Welcome to Part 2 of my “Quickly Build a Multi-Server SharePoint 2013 Developer Environment” blog post series. The idea for this series of posts started while I was reading Vlad Catrinescu’s blog about building a single server environment. It’s a great blog post, but I wanted a multi-server installation so decided to write a series of posts to describe the process of accomplishing this. If you’re wanting to build out a multi-server developer environment, the information in this series will help you achieve this..

In Part 1 I outlined the environment, showed you how to create and configure your VMs with PowerShell and walked you through installing Windows Server 2012. Click here to review that post. In this post I am going to show you how to configure your Domain Controller and Active Directory environment.

Posts in this series:


Special note: I like to give credit where it is due. Some of the ideas and code I use in this series come from Vlad’s blog series I linked to above.  And a huge thank you to Joanne Klein (@JoanneCKlein) for reviewing and editing the series for me.


I am going to make some assumptions here:

  • You already have your VMs created and configured as I listed in Part 1 of the series.
  • Note: When you created your VMs, you only added a private network switch. We will connect an external one later, but for now just the private.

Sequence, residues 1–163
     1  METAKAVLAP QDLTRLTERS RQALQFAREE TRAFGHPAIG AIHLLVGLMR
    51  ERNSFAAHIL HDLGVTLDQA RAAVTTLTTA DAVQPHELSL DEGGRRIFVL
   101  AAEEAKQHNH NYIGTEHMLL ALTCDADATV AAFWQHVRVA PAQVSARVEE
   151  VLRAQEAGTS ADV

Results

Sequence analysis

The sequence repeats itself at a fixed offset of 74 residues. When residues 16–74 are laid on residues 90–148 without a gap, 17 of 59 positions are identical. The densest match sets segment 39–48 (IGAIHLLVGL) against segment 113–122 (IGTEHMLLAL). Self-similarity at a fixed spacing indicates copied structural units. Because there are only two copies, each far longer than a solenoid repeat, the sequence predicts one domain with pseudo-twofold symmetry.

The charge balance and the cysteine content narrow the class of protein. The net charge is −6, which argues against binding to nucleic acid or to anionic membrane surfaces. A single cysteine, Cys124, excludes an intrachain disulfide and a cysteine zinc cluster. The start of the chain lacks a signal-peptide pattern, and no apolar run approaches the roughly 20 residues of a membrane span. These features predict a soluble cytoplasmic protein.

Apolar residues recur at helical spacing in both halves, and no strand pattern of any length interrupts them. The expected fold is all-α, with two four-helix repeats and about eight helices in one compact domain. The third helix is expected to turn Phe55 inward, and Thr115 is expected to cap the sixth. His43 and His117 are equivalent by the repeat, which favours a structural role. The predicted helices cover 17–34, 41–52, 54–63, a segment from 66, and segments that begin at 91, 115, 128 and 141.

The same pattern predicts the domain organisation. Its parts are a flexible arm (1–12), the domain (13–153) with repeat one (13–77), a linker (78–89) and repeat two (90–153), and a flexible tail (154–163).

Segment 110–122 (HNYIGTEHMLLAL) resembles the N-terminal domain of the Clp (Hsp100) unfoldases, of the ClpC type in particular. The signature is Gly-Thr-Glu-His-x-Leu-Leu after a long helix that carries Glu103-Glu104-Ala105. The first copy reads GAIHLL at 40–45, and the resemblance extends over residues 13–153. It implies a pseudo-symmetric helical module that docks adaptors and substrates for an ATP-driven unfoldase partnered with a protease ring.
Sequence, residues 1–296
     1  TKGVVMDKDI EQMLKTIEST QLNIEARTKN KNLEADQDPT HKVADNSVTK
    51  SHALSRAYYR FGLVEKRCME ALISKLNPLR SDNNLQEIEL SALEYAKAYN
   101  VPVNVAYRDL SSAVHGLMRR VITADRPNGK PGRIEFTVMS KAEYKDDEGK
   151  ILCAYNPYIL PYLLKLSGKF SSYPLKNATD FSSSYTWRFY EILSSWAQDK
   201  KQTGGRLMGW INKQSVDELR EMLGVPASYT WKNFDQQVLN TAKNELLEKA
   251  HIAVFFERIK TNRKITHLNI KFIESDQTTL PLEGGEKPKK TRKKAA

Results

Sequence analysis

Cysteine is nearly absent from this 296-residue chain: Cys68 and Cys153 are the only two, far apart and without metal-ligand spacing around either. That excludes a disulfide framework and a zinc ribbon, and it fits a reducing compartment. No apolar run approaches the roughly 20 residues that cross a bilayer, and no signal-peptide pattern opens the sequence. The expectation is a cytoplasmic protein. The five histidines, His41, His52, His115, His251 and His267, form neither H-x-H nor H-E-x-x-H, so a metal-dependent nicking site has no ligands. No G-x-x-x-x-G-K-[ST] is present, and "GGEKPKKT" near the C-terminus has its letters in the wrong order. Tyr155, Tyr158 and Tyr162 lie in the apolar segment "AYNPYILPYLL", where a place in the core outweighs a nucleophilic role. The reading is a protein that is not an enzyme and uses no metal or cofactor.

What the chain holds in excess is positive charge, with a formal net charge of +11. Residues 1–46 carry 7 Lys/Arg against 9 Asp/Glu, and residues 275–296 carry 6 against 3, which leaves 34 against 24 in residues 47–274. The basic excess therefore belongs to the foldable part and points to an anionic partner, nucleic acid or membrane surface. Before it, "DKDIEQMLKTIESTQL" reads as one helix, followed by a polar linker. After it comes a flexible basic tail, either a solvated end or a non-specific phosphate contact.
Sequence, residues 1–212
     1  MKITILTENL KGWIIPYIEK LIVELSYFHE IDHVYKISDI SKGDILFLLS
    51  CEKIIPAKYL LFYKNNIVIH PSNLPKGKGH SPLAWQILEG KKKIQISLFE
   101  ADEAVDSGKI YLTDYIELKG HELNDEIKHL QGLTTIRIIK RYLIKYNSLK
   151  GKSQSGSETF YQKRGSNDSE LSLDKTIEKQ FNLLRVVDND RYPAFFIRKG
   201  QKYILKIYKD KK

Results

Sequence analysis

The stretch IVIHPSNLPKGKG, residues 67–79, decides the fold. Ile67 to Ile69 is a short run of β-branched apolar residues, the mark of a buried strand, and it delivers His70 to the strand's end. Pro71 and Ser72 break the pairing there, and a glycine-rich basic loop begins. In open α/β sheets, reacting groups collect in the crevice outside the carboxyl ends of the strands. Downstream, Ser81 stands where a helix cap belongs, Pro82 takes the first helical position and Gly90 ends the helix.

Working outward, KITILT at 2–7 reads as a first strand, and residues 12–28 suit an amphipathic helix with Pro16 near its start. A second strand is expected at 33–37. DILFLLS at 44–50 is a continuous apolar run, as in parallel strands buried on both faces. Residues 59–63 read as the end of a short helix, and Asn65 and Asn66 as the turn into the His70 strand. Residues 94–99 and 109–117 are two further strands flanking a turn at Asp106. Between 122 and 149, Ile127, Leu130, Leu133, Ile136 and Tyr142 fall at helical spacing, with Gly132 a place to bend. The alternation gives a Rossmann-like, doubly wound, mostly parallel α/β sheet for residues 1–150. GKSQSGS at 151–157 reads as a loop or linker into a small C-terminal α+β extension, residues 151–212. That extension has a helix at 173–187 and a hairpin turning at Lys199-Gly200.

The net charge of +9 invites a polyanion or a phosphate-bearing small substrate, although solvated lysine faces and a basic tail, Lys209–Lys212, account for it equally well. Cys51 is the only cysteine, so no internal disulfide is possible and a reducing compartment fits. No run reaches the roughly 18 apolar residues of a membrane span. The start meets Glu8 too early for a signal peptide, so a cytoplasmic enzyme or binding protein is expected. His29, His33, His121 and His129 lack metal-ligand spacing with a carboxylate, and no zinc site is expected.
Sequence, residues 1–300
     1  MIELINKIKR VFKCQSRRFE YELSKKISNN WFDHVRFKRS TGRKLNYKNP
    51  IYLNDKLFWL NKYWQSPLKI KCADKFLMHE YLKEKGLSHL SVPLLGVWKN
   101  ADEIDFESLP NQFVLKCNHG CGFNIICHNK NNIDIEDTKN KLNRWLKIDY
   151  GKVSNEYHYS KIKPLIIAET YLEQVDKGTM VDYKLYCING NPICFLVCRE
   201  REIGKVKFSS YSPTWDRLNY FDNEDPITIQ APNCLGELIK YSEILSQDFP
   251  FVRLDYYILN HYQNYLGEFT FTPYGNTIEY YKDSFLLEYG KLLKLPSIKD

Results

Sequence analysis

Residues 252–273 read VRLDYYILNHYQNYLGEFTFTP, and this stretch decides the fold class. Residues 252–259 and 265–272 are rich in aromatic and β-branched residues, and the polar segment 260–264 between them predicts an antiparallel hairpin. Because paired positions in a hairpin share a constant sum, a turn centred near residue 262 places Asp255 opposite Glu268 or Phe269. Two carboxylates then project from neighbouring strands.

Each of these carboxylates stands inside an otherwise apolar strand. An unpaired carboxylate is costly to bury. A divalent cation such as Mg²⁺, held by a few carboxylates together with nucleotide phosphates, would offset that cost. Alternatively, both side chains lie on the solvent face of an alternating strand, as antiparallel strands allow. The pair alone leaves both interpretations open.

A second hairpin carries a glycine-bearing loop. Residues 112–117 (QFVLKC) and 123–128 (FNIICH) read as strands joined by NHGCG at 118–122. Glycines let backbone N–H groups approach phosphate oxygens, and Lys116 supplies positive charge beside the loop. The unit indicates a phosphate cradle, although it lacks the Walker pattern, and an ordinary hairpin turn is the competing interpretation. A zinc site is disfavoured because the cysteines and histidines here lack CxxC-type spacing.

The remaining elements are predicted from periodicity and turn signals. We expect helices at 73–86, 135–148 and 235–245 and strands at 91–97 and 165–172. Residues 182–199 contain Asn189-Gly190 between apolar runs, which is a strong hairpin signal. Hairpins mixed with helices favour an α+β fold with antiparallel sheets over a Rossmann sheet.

As I stated above, we will only be using private and external switches. We could use an internal switch, but I have found that this causes problems with DNS routing. Although there may be an easier way around this, but I am not a networking expert and this is the solution I use. It does mean during the initial setup you are limited to the Hyper-V remote desktop and you can’t use other tools.  The upside is you won’t run into slow network connections caused by the VM network interfering with your host network and vice versa. Once you’ve added external connections to the VM, these tools will become available to you once you.

Note: You won’t be able to connect to your host PC until you enable your external switch. I will indicate when you can do that, but the scripts I have created are setup so you don’t actually have an external connection until a bit later.